When It Comes To Cellars, Size Matters

A beautiful nose

A very good friend of mine asked me for some advice about building and designing a cellar for a house that he is building. I personally don’t have a showcase cellar like many collectors, but I do know a thing or two about the requirements that a proper cellar should have. Although in its simplest form a cellar need only keep wine at a certain temperature and humidity, without light there are a few more considerations to take into account.

Size does matter. Whether you are just a nascent wine enthusiast or an avid collector, you are going to want more room. It is exceedingly rare that I have met or heard of anyone downsizing their collection. The only two times I have ever heard of this happening was when a friend and noted collector decided he needed to “thin” his 50,000-case collection, and when another friend and collector had some health issues that prevented him from drinking. The former still has an estimated 30,000 cases, and the latter eventually was able to overcome his challenge and is now drinking again. You will always want more room for the bottles you are given, or there is too good a deal to pass up, or even just everyday drinkers that fill up space you wish you could use for something better. So never skimp on the size of the cellar that you want.

Size also matters in terms of the type of racking that you install for your cellar. There are plenty of racks that hold the “traditional/standardized” wine bottle. But if you drink more than just a dozen different wines in a year, you will quickly realize that not all bottles are the same shape or size.

Burgundy bottles are different from Bordeaux, and Champagne bottles are typically much thicker and wider as well. Judging on the types of wines you like most, you should accommodate for those styles of bottles in your cellar.

And let’s talk about those big bottles. Magnums (1.5 liter equals two standard 750ml bottles) and Jeroboams (3.0 liter equals four standard 750ml bottles) are more prevalent than you may think. I’m sure you see them in your local fine wine shops. Big bottles make spectacular showpieces, and the wine within ages more slowly, many say better than in the 750ml bottles. They are fabulous for larger gatherings, and they are blue chips when it comes to wine investing because of their rarity and smaller production quantities.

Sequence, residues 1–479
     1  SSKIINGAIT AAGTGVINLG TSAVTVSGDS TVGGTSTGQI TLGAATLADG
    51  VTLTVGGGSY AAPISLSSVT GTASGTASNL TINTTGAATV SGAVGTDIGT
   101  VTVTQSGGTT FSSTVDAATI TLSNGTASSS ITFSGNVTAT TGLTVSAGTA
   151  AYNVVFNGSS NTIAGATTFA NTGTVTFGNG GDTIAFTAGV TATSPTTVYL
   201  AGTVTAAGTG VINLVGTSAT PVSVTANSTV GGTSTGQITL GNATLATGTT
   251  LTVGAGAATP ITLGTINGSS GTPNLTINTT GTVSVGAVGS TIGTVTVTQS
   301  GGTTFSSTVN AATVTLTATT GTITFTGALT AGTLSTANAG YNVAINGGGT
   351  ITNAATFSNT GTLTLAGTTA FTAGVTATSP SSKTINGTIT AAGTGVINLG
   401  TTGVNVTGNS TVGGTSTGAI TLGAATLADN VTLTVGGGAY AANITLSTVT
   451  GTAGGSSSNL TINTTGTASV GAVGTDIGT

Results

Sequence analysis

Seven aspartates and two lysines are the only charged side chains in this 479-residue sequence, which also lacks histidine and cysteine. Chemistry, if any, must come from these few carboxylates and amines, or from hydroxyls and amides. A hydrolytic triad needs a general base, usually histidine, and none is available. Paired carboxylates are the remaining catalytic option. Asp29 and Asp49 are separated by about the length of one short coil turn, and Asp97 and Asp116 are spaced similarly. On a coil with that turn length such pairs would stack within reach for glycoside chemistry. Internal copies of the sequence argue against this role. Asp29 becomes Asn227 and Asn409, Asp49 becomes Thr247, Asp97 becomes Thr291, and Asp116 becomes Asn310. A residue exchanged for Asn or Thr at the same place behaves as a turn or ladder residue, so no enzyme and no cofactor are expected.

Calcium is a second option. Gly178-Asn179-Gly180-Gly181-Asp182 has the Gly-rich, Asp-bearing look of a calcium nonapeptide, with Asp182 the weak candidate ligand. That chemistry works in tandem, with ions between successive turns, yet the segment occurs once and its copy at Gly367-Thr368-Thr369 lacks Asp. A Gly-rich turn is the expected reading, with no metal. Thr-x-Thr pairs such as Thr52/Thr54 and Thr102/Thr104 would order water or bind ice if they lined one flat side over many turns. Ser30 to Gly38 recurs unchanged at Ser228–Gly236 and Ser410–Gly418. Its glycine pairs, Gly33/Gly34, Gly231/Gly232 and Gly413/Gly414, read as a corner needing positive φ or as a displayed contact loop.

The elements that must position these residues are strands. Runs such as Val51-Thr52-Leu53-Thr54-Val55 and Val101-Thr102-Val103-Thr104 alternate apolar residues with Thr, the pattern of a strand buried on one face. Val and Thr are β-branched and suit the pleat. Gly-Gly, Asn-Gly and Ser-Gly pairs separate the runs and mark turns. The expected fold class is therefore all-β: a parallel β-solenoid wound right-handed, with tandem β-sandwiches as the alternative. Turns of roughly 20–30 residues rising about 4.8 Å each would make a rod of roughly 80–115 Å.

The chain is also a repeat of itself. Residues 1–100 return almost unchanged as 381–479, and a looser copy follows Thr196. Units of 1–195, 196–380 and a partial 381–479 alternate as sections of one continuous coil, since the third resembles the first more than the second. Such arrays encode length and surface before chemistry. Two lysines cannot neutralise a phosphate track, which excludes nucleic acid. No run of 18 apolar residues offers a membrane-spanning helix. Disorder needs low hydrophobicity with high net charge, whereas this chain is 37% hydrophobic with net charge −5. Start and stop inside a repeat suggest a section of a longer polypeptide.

There are a host of details when it comes to woods, materials and finishes that you use on your cellar. But the one thing that is most commonly overlooked is the flooring. In some cases, it is never even taken into account, so the cellar ends up not maintaining its temperature. First, it must be sealed. Second, I recommend that the finish of the floor be soft or cushioned in the event that someone might mishandle and drop precious cargo. Subterranean cellars can be covered with pebbles to cushion the fall of a bottle as well.

Now that you have your cellar designed and built, what are you going to fill it with? That’s really the fun part.

Recommendations: 2010 Viticoltori Alto Adige Pinot Grigio ($15) Let me preface this by saying I find most Pinot Grigios quite boring, but this wine made me sit up and pay attention. It has a beautiful nose of citrus and wet stones, and when you taste it, you think, “shouldn’t all Pinot Grigios taste this good?” It is quite delicious. 2009 Coppola Director’s Cut “Cinema” ($26) This blend of Zinfandel, Cabernet Sauvignon, Franc and Petite Sirah is quite provocative. It smells like a super juicy Cabernet, drinks like a ripe Zinfandel and has the body of a Napa Valley Cabernet. All told, it is quite a hedonistic wine that packs a lot more punch than its price tag would suggest.

Roberto Viernes is a master sommelier. rviernes@ southernwine.com Twitter @Pinotpusher